Palmer’s greatest contribution, however, was the inclusion of land use restrictions with each property deed. The strict building and maintenance provisions were aimed at preserving for orginal and future residents the integrity and attractiveness of Wawaset’s architectural concepts.
Roderick Welles moved here at age seven in the early 1940s, his days spent riding his bike and playing stickball. He left in 1956, but returned with his wife Sue thirty years later.
“I felt a bit like Rip Van Winkle,” says Welles with a laugh. “Physically the neighborhood is still the same place. We now live in the house where my best friend grew up. I like having the appeal of the city, but you’re not of it. It’s five minutes to downtown, yet ten minutes to the country. It’s been fun to see it change, getting younger people all time. A lot of folks would like to live here.”
Like most historic neighborhoods Wawaset has an active neighborhood association that is well versed in home preservation and other city issues. Each year there’s a New Resident’s Party and Spring Garden Tour as well as old-fashioned get-togethers such as the Bedford Court Summer Picnic, a Halloween Parade and Christmas Tree Lighting where Santa often arrives in a convertible.
Amazingly, Wawaset still has an original settler. Back in 1919 Bill Rankin was born in the second floor bedroom at 1104 Greenhill Street. (His father paid $8,000 for the home.) Rankin recalls ice being delivered several times a week by horse drawn wagons and peering out the living room window at clusters of cows and work horses at the farm across the road.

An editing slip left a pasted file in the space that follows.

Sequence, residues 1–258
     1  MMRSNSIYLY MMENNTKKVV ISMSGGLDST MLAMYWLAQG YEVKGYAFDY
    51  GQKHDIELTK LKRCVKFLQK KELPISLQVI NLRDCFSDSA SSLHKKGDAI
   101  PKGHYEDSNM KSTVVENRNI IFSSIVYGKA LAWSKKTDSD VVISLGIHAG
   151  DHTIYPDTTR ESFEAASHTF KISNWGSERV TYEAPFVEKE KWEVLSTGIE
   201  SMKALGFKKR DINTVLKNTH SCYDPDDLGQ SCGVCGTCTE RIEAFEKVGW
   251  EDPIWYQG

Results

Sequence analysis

“The neighborhood’s always been a hidden treasure, with quiet, nice people,” says Rankin, who lives with his daughter’s family in the original home. “I hope our family will always own this home. I remember walking to Tower Hill and as a teenager I worked with a team of draft horses haying and plowing the farm’s fields. There have been so many wonderful memories.”
In 1986 Wawaset received the recognition it so richly deserves: entry into the National Register of Historic Places.
“House by house, neighborhoods are losing a part of their historic fabric and much of their character,” observes Rankin. “The architecture and landscaping of America's historic neighborhoods reflect the character of our communities. There aren’t many that are better than this one.”